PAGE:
Travellers love Stockholm's penchant for style and design. We look at what to visit, where to sleep, what to eat, transport tips and more.
16 August 2012
Stockholm is where Alfred Nobel (of the annual Nobel prizes) was born and it's in Stockholm's City Hall that his revered prizes are distributed for excellence. It's a piece of information that helps set the scene of a city able to embrace so much of what is good.
Design-hungry shoppers are making their way to Smaland – a picturesque, densely forested region in the southern heart of the country – to buy their designer furniture and making a saving into the bargain! IKEA was born here and the world-famous designer, Bruno Mathson has a studio here. Even hotels offer designer bedrooms in which to rest your heads. Designers such as Tomas Sandell and Jonas Bohlin helped create rooms at Hotel Birger Jarl where design weekend packages are available.
But for those who simply want a wonderful weekend away, style can be witnessed by just walking around the streets that have lakes so clean that you can fish in the heart of the city. Different styles compliment each other. For instance the modernism of the seventies captured in the 'glasshouse' Kulturhuset (House of Culture) sits neatly by the seventeenth-century Royal Castle and the thirteenth century Storkyrkan (cathedral).
A few minutes away are Parisian style boulevards and squares in Sudermalm, the romanticism of the Stadshuset (City Hall) and edifices of Norrmalm. The northern cliff reached via Katarinavugen, is ideally suited for a romantic evening walk, with stunning views across to Gamla Stan and Djurgarden.
As Stockholm is located in the archipelago (a feast of some 24,000 islands), the waterways make an obvious boat tour such as the two-hour 'Under the Bridges' (SEK240 per person).
On land, shoppers will love the designer shops and culture vultures have over 170 museums and galleries to choose from including the Museum of Modern Art.
The cobbled roads of Gamla Stan (The Old Town) are the city's medieval heart and offer a fabulous walk past timbered buildings comprising boutiques and eateries.
Just a short ferry trip away is the Djurgarden Royal Park which offers an open-air museum and zoo of Skansen. If time allows, visit the Vasamuseet located on the waterfront on Djurgarden. Admission is SEK110. It houses almost complete remains of the massive seventeenth-century warship, the Vasa, which was raised from the depths of the harbour in the Sixties, 350 years after it sank. It sank in the harbour in 1628 because of its overly ambitious and top-heavy design. It took 30 years just to restore it.
Licensing laws mean many bars are attached to restaurants but there are over 1500 restaurants to choose from. Alcohol tends to be expensive so take advantage of happy hour, usually between 6pm and 7pm.
Try the local delicacy of surströmming – Herring is fermented in the container which comes complete with unforgettable aromas.
Get into the swing of recycling or get told off.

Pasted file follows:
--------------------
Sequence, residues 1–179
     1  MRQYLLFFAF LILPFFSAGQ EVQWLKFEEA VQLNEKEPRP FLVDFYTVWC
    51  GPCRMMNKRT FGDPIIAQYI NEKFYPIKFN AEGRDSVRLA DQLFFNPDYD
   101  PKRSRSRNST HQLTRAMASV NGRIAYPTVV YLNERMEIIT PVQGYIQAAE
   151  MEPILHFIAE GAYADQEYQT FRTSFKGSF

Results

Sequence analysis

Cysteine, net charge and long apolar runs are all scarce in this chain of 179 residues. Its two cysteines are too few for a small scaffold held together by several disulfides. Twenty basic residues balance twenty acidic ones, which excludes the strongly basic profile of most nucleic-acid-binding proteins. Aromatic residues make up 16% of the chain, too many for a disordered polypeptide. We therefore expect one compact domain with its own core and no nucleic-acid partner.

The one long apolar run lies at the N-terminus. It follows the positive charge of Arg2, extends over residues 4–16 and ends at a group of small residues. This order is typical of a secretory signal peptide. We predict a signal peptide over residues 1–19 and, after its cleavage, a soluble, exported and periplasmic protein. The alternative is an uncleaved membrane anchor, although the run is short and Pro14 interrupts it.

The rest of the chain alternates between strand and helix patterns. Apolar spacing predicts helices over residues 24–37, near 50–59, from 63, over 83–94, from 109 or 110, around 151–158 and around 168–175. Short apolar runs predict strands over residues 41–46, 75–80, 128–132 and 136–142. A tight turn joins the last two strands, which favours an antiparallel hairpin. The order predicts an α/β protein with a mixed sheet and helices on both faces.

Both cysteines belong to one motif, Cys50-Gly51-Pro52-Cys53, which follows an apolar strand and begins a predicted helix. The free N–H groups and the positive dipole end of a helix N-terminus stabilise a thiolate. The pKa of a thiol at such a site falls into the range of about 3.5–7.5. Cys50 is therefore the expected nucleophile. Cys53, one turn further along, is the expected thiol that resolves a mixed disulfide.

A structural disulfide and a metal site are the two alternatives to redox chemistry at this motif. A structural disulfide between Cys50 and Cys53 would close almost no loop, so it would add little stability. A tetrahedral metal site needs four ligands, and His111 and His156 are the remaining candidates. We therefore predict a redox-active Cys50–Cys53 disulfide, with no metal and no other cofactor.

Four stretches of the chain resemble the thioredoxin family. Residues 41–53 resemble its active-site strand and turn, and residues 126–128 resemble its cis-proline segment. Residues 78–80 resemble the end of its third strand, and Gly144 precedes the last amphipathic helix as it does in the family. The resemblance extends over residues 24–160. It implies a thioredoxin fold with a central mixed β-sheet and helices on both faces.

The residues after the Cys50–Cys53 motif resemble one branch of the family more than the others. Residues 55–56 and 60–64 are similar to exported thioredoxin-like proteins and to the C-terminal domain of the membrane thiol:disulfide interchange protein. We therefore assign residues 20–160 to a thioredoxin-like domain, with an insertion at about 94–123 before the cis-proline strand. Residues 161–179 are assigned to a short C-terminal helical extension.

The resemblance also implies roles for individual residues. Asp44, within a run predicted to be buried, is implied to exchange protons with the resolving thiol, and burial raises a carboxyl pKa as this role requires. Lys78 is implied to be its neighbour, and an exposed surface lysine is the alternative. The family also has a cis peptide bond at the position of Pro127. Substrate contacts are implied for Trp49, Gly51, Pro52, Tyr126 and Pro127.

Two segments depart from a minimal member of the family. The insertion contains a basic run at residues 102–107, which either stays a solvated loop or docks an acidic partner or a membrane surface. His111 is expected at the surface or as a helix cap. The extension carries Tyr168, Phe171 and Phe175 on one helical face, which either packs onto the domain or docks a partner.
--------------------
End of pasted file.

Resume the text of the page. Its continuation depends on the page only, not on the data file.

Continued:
Toilets are unisex.
Where to eat
Fast food street vendors are popular. Try Tunnbred, a Lapland speciality – a giant dough cone filled with bangers and mash.
Kryp In, Prestgatan 17, Gamla Stan.
Run by the leader of the Left Party – formerly the Communists has a folky atmosphere, and serves traditional dishes like reindeer steak and lingonberries.
Bon Lloc, Regeringsgatan 111, Ostermalm.
Serves Swedish and Mediterranean fusion cuisine.
According to Wikipedia, Stockholm has the most expensive-to-use public transport in the world. A single ticket on a metro costs about SEK20 (SEK100 for a 24-hour travel card), includes buses and is valid for an hour. For a lot of sightseeing, invest in The Stockholm Card : for 24-, 48- 72- and 120-hour periods, costing SEK450, SEK625, SEK750 and SEK950 respectively. As well as transport, it covers free admission to 80 museums and atrractions, free Royal Canal Tour and free bicycle tours. Taxis are expensive. A high tariff charge makes short journeys expensive.
Hotels in Stockholm
Budget: Långholmen Hotell
Långholmen Hotell is in a 19th century prison building on Långholmen Island in Stockholm. It offers free parking and unique prison cell rooms with flat-screen cable TVs and free Wi-Fi access.
Mid-range: Nordic Light Hotel, Vasaplan
The Nordic Light is a modern design hotel just 330 ft from the Arlanda Airport Express Train at Stockholm Central Train Station. It offers in-room light therapy and free internet access.
Luxury: Birger Jarl, Tulegatan
The stylish Hotel Birger Jarl is 300 metres from Rådmansgatan Metro Station and the Stockholm Observatory. It offers traditional Swedish cuisine and free Wi-Fi.
Flights to Stockholm
Stockholm is served by 4 international airports: Arlanda (40km North), Bromma (8km West), Skavsta (100km South) and Västerås (110km West).
From Arlanda Airport, the airport bus (Flygbussarna), which leaves every five-10 minutes, takes 40 minutes to reach the city centre and costs SEK198 return. The Arlanda Express leaves every 15 minutes, takes 20 minutes and cost SEK490 return.